The next day we went into the crater, starting at 7:00. It was typically misty and foggy on the rim (where the lodge is), but as we went down into the crater, the mist stayed on top and did not follow us. We found several flamingoes far off on the edge of the soda lake, and we found a lot of wildebeest and zebras. Because there is an underground river flowing from Lake Victoria to the crater, there is enough grass year-round to feed them. They do not need to migrate. This means a lot of people take day trips from Arusha as their only safari and are able to see the animals. I saw the usual suspects: wildebeests, gazelles, cape buffalo, zebras, warthogs, hyenas, ostriches, crowned cranes, even lions, and hippos. The hippos here were pretty active by comparison to the ones in the late-afternoon Serengeti, and I got to watch them come out of the water to graze. They were doing a lot of rolling in the muddy pond bottom too. Behind the moving hippos, following right along, was a stork looking for disturbed fish. There were sacred ibises in the same neighborhood. If that were all there was to see, it was plenty for me. But Frank was on the hunt for more elusive game: the black rhino. This rhino is endangered and is known to live in the crater, eating the grass there and often hiding in the tall grass or grazing next to another herd of animals.
We did not see the rhino all morning and we finally went to eat lunch at one of the few allowed areas next to a small lake. There are large kites (scavenger birds bigger than crows) all along the lake who are also trying to eat lunch! Frank told me we had to eat in the car or we’d lose our food and maybe some skin to the kites. As we ate, he proceeded to narrate the floor show we had with the kites and the other, less informed picnickers. We saw the birds scouting, planning their approach and then deftly removing sandwiches and chicken wings from their previous owners. Then we’d see the people hurrying for cover. We went on the hunt for the rhino again after lunch, knowing we only had another hour or so in the crater before we had to leave, and remarkably, we found two of them. There was a mother and her older calf crossing the plain and they eventually ended up crossing the road not too far from us. What an incredible thing to see. Frank told me that the male has an even larger horn, which was hard to imagine, and that they don’t see very well. Sometimes they will charge a car or a person if it is in the path and appears threatening in some way, but since they don’t see well, it might be rather close before it decides to charge. Frank also told me the rhinos were usually 50 yards away in a field, and not moving, when he saw them, and that we were very lucky. I will always remember the rhinos – they were remarkable.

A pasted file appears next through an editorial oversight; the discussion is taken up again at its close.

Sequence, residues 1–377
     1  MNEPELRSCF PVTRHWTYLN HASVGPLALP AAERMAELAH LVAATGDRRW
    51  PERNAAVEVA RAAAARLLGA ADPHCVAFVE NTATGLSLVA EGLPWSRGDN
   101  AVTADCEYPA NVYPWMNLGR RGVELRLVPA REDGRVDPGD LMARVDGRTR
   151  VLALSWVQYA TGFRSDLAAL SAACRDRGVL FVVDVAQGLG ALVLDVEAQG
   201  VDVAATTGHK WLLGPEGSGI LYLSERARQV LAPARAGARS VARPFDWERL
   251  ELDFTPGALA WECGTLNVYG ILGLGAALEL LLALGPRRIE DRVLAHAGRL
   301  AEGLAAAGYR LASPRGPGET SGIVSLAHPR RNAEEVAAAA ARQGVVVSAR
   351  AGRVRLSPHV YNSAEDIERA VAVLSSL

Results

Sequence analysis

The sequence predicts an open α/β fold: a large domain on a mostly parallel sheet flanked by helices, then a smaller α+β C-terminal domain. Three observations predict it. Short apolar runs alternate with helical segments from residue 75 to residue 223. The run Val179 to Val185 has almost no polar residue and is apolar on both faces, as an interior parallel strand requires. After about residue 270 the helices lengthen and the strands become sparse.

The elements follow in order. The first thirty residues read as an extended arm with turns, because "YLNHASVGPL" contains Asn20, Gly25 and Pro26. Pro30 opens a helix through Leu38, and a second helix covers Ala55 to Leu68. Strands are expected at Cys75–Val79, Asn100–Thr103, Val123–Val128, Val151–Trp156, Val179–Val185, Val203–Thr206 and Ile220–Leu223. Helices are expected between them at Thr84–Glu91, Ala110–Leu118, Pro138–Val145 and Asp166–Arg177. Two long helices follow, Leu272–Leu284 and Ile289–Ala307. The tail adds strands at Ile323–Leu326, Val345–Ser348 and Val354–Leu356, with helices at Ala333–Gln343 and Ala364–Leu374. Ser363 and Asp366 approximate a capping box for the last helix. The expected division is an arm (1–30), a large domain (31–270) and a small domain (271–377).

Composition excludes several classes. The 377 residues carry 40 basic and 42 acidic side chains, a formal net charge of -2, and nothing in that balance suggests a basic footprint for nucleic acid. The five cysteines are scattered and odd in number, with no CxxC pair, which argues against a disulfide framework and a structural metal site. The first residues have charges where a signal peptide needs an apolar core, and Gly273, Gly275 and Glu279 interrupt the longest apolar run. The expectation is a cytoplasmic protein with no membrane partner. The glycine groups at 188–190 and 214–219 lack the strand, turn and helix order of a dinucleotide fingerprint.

Sadly, we had to leave the crater and go to Arusha, and then the airport. We went to the Tropical Trails office to offload and run some errands in town. Nassoro said goodbye and headed for home, and Frank took me to the airport at Kilimanjaro. I did finally get to see the shy mountain before I left, and I photographed it from the car window by the side of the road. I was so sad to leave that I almost cried. I didn’t want to go. I would have rather stayed out in the wild, even with the cold showers and sleeping on the ground. It was so special, and worth every cent.